The Power of Rejection – a special guest post

Dear reader,

today we have a special post – a guest post from Naomi. She has indeed written a masterpiece for you and this is her first blog.

I have never met Naomi face to face. Our paths crossed as our common friend John Wheeler introduced us one to another, saying we might be a valuable contact to each other. He was absolutely right. We met on Skype more than a year ago, neither of us knew what to expect from the conversation and a few minutes into our Skype we both knew this was a beginning of a relationship that is beyond professional one.

Professionally, Naomi is a Solution Focused Trainer and Practitioner with 20 years of experience in a variety of specialist areas including substance misuse, young people, offending, homelessness and employability. She is passionate about supporting people to notice their unique strengths and how to practically apply these to maximise success in their chosen objectives. She is motivated by equality, fairness and understanding the social organisation of different cultures, including approaches to life, laughter, survival and routine.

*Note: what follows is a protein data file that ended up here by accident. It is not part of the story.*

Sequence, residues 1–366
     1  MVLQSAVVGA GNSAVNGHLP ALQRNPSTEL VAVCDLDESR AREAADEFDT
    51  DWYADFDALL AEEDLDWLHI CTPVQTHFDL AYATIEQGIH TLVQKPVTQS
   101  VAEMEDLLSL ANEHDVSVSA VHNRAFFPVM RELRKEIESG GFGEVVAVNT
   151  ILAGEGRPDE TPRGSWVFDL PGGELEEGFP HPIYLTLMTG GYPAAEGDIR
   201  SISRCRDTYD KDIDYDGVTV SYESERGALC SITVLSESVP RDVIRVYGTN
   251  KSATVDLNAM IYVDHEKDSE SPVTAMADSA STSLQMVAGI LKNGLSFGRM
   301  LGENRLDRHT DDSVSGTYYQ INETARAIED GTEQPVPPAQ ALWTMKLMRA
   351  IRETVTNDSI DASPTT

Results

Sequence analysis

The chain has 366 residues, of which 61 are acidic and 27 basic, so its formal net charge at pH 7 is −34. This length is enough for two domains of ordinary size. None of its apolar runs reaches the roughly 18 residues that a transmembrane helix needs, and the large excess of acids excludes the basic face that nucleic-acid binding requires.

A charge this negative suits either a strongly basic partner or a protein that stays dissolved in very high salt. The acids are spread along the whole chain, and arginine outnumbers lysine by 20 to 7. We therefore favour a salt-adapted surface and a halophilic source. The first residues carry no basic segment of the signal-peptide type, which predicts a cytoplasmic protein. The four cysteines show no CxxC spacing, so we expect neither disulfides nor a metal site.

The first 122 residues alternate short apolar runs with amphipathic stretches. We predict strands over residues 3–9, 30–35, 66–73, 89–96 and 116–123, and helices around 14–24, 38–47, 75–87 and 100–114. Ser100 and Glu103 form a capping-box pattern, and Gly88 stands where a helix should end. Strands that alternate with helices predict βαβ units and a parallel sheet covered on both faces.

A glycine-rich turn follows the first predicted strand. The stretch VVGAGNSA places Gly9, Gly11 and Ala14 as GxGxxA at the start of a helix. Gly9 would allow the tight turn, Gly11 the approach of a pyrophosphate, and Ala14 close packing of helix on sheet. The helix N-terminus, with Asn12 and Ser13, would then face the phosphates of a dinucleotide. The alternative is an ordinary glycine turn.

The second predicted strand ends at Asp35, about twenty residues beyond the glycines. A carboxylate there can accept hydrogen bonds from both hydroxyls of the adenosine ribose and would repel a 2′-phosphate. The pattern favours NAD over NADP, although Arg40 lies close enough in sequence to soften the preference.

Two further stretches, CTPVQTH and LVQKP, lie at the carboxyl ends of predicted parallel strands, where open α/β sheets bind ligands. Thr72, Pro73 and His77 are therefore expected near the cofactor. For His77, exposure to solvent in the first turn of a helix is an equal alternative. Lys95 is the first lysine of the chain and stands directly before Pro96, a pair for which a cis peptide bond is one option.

Personally, she is such a delight to be talking to, as she is so kind, curious, energetic and bursting in talent. I am honoured that she wrote a blog for you and am more than happy to be able to offer you an excellent read on a topic that we are all very familiar with – rejection. So sit back, relax and enjoy reading!

The Power of Rejection

If you think you are someone who has never been rejected you are either a sociopath, totally unself aware or living so safely you have never taken a risk on anyone or anything. This means you are limiting the amount of joy you can experience in a significant number of spheres of your unexplored life. It is of course natural to want to avoid rejection. Rejection is uncomfortable, anxiety provoking and frequently leads to an excessive amount of self criticism, and in it’s most extreme form, self-hate. What happens when we are rejected by others, either in a work or relationship context, is all too often we then reject ourselves. When we reject ourselves, we are pretty much temporarily doomed: A release of the stress hormone cortisol usually occurs which either makes us inert and paralysed, or overflowing with negative energy heading one hundred miles an hour towards self destruction, commonly in the form of over eating, over drinking, over thinking or over angering.